Saturday, December 19, 2015

ARESZ - SKILL

Neoclassical Bass Shredding

Imagine you're forming a band with the intention of playing some good old metal. Typically, you follow in the footsteps of the classic bands like Iron Maiden or Judas Priest and recruit an over-the-top vocalist, dual lead guitars and a rhythm section. Well Aresz went for a slightly different approach. Instead of dual lead guitars, why not have a dual lead guitar and bass? This idea lead to the bizarre instrumentation of a lead guitarist, lead bassist, rhythm bassist, drummer and vocalist. 6 string lead bassist virtuoso, Syoi, is actually more subtle than you'd expect and the album's main focus is on delivering headbangable heavy metal.

The guitar here has a very thick, heavy tone, but the music itself is mostly heavy metal with some power and thrash moments here and there. Despite the whole two bassist thing, the driving force of the song is mostly guitarist, Natsuki, who lays down plenty of tasteful riffs and solos. Most of the musical frills come from Syoi who plays a lot of weird tapping melodies to complement the guitar riffs and also contributes in lots of solo sections. As the title alludes, much of the soloing (in both the guitar and bass) is neoclassical in style as typical of Japan. The other bassist, Masami, just plays your regular-old 4 string and mostly follows to rhythm to give a thick undertone. However if you listen closely, you'll notice that there are times where he contributes his own lines but it's much less flashy than the other two guys.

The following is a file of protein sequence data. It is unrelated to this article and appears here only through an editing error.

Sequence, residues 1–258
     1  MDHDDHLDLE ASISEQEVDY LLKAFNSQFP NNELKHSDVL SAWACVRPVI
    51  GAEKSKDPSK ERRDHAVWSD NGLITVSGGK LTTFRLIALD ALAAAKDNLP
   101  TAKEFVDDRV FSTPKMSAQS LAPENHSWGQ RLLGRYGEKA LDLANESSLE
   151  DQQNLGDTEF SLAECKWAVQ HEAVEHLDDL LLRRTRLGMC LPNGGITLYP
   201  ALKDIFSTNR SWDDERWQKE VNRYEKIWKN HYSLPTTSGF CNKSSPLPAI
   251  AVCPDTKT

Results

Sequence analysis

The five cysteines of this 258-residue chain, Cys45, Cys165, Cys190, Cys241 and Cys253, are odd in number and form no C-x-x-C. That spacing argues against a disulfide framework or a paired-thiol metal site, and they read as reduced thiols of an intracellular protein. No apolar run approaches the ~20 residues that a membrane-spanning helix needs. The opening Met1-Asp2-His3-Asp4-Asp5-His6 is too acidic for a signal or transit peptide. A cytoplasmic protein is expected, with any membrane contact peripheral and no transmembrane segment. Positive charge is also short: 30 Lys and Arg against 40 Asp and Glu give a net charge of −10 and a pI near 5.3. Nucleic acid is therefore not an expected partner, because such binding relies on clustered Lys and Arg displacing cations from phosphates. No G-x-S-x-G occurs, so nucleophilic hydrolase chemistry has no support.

Another interesting feature is vocalist Rumiko. Aresz are a female-fronted band, but don't let that fool you. Rumiko's vocal delivery is very aggressive, gritty and rough much to my surprise. She's still obviously female, but there's no piercing high notes to be found here. She stays pretty solidly in the lower range. Her voice is pretty unique and has tons of character, so there's really no complaints from me. It's just a surprising contrast to most of her fellow countrywomen. A variety of session drummers were used, but it's all pretty similar in style to me: highly aggressive and full of flashy fills.

But ultimately, the real staying power lies with the guitar and gaudy bass playing. The combination of the riffs and unique bass ornamentation really makes Aresz stand out. There's a few moments on the album where the duo lay off the heavy attack and go for a weird spacey vibe while noodling around on their instruments. Occasionally, keyboards/synthesizers pop in to give some background ambiance. Those calmer moments work quite well, but most of album is really just about awesome, heavy riffs and awesome solos. Production-wise, everything is thick and loud to match the rocking vibe the band has going on. My main complaint is that the mix is often a bit muddy and picking out all of details in the instrument playing is not easy. But otherwise, Aresz has created an excellent slab of fairly unique heavy metal.

Rating: 83/100

No comments:

Post a Comment